The European Court of Justice has made a ruling that could cause lots of problems for publishers in Europe. The highest court in Europe has ruled that game publishers cannot stop European consumers from reselling their downloaded games.
"An author of software cannot oppose the resale of his 'used' licences allowing the use of his programs downloaded from the internet," the ruling read. The Court said the exclusive right of distribution covered by a license is "exhausted on its first sale".
This certainly puts a fly in the ointment for companies like Steam. Now gamers in European Union member states are basically free to sell their downloaded games no matter where they are from: Steam, Origin or another digital platform - no matter what End User License Agreement has been signed.
The ruling goes on to say that even when the license says that a consumer cannot transfer a game, the rightsholder "can no longer oppose the resale of that copy."
The ruling also suggests that the person who buys that used game is within his or her right to download it from the publisher's website.
"Therefore the new acquirer of the user licence, such as a customer of UsedSoft, may, as a lawful acquirer of the corrected and updated copy of the computer program concerned, download that copy from the copyright holder's website," the Court said.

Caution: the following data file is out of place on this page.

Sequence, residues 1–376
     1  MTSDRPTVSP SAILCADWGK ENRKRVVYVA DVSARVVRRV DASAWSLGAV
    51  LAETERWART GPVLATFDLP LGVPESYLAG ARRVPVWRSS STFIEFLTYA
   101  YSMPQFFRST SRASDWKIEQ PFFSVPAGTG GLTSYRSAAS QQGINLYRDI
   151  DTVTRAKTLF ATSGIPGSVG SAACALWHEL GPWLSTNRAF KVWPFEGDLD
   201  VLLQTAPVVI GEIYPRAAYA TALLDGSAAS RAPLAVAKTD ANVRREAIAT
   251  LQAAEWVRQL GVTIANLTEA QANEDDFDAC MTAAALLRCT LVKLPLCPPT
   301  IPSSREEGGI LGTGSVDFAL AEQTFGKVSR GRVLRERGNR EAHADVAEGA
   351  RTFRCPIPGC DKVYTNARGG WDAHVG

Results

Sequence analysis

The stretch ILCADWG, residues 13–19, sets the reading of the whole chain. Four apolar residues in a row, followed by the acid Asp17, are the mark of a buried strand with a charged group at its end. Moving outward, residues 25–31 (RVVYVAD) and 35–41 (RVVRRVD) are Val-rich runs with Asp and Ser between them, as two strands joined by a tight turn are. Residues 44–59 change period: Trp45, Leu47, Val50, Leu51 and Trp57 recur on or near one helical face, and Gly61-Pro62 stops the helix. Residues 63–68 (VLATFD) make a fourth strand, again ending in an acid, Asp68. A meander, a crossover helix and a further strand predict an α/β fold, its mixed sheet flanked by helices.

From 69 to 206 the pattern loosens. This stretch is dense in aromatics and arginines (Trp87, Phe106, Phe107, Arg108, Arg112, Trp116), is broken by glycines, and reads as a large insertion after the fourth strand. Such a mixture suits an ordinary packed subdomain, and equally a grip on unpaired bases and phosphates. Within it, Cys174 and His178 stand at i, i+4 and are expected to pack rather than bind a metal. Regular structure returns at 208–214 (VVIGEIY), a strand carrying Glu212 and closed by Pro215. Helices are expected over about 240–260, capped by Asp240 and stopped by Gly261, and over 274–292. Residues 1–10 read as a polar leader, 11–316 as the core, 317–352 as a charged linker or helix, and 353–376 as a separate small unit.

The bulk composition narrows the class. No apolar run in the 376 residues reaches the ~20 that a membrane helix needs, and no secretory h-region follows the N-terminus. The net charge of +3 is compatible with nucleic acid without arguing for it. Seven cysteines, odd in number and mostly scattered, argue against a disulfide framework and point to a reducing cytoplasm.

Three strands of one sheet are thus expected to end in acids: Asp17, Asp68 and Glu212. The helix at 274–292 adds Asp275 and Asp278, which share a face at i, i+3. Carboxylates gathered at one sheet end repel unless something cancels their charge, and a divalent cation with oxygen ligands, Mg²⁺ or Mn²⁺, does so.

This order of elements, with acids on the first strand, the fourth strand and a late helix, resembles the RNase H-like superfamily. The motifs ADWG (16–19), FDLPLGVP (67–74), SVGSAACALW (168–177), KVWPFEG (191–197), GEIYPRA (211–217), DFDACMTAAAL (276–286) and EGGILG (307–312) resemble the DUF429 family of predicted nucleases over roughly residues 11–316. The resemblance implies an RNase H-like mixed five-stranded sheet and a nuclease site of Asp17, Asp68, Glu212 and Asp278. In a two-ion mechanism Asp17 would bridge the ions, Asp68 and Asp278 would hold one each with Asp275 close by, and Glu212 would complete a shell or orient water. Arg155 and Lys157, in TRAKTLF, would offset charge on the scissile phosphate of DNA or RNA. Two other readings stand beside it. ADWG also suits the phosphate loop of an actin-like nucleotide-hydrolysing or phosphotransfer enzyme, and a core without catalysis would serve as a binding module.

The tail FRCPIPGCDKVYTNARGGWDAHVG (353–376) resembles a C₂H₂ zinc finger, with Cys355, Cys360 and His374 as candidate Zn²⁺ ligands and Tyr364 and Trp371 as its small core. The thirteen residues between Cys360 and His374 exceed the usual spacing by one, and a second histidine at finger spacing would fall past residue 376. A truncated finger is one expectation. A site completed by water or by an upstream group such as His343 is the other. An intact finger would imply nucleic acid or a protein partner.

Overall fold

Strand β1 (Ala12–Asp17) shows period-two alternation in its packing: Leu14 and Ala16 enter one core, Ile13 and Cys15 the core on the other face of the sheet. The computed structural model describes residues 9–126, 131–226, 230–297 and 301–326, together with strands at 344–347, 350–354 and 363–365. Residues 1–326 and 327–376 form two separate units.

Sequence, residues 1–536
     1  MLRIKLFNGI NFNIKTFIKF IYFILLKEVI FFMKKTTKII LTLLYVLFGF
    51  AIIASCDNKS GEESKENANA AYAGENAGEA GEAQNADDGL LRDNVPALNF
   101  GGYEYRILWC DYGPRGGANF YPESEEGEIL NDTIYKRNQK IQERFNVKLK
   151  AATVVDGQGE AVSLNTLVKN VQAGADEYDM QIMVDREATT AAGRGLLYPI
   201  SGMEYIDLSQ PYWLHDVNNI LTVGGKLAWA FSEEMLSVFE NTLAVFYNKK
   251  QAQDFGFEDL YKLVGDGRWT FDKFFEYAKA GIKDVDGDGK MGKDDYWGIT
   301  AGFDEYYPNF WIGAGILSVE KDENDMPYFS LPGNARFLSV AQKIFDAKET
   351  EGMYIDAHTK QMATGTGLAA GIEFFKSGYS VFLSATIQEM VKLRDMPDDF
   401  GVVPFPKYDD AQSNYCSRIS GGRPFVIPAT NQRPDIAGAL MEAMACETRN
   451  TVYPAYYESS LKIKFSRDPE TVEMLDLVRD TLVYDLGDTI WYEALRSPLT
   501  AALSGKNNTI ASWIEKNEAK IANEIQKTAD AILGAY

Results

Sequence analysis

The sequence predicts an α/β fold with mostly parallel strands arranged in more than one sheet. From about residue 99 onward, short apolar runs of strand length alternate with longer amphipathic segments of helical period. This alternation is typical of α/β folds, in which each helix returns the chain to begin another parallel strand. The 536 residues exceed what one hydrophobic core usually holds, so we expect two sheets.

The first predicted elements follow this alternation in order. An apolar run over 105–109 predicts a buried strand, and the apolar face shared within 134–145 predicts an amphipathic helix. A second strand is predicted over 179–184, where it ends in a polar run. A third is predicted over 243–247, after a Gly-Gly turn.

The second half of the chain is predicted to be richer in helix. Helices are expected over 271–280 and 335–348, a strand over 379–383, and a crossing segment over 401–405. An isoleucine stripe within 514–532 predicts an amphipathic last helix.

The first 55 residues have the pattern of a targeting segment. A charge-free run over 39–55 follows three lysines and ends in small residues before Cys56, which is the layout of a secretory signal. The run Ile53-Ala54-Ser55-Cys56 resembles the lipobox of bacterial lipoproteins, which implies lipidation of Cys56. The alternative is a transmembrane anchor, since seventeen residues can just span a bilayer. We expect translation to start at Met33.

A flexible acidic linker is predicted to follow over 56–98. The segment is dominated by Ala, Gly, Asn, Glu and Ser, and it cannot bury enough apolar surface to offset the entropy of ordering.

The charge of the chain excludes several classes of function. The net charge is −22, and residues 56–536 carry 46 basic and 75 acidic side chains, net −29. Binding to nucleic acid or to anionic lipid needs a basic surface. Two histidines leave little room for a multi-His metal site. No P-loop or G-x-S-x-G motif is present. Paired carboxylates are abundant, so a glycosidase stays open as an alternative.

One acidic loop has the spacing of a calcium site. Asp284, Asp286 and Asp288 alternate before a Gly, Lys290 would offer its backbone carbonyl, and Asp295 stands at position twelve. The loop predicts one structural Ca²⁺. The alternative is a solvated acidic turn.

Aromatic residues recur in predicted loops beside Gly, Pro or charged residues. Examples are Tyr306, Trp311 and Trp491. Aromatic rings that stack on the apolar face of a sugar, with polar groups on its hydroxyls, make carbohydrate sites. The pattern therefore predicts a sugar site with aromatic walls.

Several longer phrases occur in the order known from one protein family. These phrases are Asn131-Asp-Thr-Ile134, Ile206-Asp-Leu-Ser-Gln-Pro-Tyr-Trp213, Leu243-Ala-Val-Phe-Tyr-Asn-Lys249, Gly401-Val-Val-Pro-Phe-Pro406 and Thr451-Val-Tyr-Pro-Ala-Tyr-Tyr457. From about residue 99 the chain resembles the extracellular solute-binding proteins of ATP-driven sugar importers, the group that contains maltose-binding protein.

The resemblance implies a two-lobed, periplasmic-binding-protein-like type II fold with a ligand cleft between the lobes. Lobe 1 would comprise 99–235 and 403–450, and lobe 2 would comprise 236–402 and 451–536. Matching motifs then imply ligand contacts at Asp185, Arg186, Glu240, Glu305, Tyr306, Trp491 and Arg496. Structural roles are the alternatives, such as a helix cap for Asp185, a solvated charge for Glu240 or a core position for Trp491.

The only condition that the court put on reselling your digital games is that you no longer have access to it. Those that do continue to use it are infringing copyright:
"If he continued to use it," the Court explained, "he would infringe the copyright holder's exclusive right of reproduction of his computer program. In contrast to the exclusive right of distribution, the exclusive right of reproduction is not exhausted by the first sale."
You can read the entire ruling here (PDF). We will have to wait and see if companies such as GamersGate, Steam, and Origin will alter the way they do business to accommodate the ruling. Chances are they will not change a thing...